My first task was to decide where to commence the story of Constantine’s life.
We need to know the History of how he became Emperor and in order to give a full
picture we start with to Emperor Diocletian

Born to a family of low status he rose in the ranks of the military to become
cavalry commander of Emperor Carus who died after only 11 months as Emperor. By
popular demand Diocletian was acclaimed Emperor.

Realising that the power of Rome was in serious decline he set out to stabilize
the empire. Due to the vast area involved he shared the responsibility by making
Maximum co-emperor. He also delegated further by appointing Galerius and
Constantius as junior emperors. Under this ‘rule of four’ each would rule over a
quarter of the empire. Diocletian was Emperor for 20 years during which time he
fought and defeated all who threatened him. He was also responsible for the
empire’s bloodiest official persecution of Christians. Weakened by illness he
retired becoming the first emperor to voluntarily abdicate the position.

He had an extremely troubled life with constant wars and strife. It was during
Maximian’s time as emperor that Constantine was born and when he grew up he was
given a high status. Maximian was jealous. He and Constantine put on a show of
solidarity but it was false. Eventually Maximian plotted to kill Constantine in
his sleep. Constantine learnt of the plan and put a eunuch in his bed. After
killing the eunuch Maximian was apprehended (eunuchs seem to have been
expendable) and to save face Maximian was offered suicide rather than be exposed
for the murder. He accepted the offer and committed suicide.

He, along with Galerius had been appointed by Diocletian as
co-emperors. His area of control included Gaul and Britannia. At that time
Britannia was being invaded by Germanic tribes who lived in and around Denmark.
We know them as Vikings. They would land a few ships on Britain, each with about
75 men, spend a few days raiding and, by the time help arrived, would be on
their ships heading for home.

The Roman response was to create a British Navy the ‘Classis Britannica’. They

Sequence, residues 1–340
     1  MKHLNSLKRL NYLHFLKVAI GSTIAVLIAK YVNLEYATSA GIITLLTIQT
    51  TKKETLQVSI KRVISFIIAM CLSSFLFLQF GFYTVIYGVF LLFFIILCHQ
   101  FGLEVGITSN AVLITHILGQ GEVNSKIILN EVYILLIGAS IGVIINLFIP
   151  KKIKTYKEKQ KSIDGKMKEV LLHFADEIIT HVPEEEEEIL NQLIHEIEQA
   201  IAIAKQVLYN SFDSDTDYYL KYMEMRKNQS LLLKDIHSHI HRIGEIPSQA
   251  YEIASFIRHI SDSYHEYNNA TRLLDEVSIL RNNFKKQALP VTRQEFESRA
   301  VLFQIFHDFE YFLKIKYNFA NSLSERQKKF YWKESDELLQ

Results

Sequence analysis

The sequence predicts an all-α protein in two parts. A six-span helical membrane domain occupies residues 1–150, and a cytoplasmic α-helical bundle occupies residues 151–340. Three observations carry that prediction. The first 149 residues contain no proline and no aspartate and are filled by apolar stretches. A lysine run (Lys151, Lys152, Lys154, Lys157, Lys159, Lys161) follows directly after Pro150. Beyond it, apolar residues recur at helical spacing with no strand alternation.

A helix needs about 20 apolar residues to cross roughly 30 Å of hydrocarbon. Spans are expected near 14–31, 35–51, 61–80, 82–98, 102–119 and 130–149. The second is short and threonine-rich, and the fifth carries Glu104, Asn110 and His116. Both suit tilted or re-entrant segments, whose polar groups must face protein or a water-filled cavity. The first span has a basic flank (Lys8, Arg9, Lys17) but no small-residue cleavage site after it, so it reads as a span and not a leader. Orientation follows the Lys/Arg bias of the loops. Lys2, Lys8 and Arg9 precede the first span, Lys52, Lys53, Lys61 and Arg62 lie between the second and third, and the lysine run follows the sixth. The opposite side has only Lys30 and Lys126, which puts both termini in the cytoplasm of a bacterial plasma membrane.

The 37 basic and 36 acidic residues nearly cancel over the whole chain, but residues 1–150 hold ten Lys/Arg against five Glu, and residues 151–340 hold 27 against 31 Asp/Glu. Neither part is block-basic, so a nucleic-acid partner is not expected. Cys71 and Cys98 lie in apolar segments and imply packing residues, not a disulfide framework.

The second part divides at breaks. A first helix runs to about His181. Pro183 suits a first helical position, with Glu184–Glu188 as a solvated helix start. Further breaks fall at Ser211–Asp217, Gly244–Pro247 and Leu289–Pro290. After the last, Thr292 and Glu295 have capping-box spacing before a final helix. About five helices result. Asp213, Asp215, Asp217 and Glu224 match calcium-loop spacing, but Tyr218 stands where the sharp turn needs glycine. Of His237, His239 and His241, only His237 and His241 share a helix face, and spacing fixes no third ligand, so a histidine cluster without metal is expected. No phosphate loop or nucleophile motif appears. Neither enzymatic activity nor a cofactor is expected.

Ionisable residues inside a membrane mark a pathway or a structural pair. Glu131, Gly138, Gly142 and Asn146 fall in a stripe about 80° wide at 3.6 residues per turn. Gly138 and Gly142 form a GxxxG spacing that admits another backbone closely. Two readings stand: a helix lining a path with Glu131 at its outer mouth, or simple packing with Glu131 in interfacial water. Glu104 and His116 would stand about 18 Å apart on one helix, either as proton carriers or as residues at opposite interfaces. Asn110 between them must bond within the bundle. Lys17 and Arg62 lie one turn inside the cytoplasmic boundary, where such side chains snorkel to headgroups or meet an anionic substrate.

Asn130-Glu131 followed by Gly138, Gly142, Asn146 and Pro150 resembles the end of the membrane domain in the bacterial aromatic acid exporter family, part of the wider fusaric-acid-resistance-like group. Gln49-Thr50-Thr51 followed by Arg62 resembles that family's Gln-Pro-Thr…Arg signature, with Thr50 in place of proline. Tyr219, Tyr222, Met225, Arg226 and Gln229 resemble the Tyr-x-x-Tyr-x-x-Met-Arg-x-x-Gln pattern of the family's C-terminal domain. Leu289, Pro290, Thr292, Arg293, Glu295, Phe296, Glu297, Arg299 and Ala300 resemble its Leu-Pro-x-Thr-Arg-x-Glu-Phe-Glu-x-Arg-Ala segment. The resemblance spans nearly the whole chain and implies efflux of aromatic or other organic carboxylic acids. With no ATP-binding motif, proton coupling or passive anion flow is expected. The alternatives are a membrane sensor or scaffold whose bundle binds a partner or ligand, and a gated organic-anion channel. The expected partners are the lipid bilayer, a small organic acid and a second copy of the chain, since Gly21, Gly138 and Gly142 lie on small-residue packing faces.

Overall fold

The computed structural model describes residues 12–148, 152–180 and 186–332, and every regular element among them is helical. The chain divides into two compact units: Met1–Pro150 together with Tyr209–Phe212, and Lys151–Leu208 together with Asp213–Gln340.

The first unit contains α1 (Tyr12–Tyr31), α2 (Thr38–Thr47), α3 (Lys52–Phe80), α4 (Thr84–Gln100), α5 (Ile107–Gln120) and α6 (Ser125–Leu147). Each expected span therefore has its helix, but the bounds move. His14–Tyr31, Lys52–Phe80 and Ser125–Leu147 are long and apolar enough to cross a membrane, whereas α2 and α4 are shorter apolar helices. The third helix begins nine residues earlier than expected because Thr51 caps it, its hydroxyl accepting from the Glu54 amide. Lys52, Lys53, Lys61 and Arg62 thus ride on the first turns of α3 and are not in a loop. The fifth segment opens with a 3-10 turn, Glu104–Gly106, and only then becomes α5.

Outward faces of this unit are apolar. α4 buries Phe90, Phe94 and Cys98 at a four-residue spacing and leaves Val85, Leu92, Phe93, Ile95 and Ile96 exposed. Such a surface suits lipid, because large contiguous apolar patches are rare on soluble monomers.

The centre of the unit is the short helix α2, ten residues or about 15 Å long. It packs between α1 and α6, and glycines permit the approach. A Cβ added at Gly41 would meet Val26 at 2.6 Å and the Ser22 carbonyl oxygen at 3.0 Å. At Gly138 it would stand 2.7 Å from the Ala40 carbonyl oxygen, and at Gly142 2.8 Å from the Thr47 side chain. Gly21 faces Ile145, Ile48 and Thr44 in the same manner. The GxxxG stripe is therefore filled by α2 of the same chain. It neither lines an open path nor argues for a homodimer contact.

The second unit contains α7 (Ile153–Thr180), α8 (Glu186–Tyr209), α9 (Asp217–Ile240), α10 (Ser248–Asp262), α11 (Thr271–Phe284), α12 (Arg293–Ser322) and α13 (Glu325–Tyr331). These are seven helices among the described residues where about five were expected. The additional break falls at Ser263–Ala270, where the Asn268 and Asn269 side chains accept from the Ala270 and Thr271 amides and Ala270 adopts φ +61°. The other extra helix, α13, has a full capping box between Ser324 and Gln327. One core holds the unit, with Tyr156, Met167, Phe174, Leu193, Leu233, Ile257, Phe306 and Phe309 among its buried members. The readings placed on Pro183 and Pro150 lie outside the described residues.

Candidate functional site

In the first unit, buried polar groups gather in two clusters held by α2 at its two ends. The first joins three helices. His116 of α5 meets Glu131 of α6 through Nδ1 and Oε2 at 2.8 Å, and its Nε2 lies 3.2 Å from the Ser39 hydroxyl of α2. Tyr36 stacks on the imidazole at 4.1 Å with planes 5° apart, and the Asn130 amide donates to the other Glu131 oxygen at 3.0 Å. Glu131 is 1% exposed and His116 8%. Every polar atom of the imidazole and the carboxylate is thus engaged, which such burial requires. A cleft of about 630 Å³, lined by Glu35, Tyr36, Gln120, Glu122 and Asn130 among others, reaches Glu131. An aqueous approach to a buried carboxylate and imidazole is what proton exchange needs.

put a man in charge named Mausaeus Carausius, a native of the Roman Empire. It
wasn’t long before there were charges of collusion between him and the enemy and
he was dismissed. Eventually he was assassinated by his deputy Allectus who took
the chance to declare himself Caesar. In 296 Constantius Chorlus invaded
Britain, defeated Allectus who was beheaded.

Now Helena comes into the story. It may be no more than a fable but it is worth

As Constantius moved his army around Britain he would sometimes give them a
break from their normal routine by allowing them into a town where they would
let off steam by marauding and pillaging, leaving the town  in complete
disarray. The town chosen was that of King Cole (today’s Colchester). King Cole
was terrified but when Constantius set eyes on the Kings daughter Helena it was
love at first sight and the marauding was abandoned.

Which is where the nursery rhyme is said to come from:-
                                 Old King Cole
                                 was a merry old soul     
                                 and a merry old soul was he.
                                 He sent for his pipe and
                                 he sent for his bowl
                                 and he sent for his
                                 fiddlers three.
His troubles were over and he could indulge himself!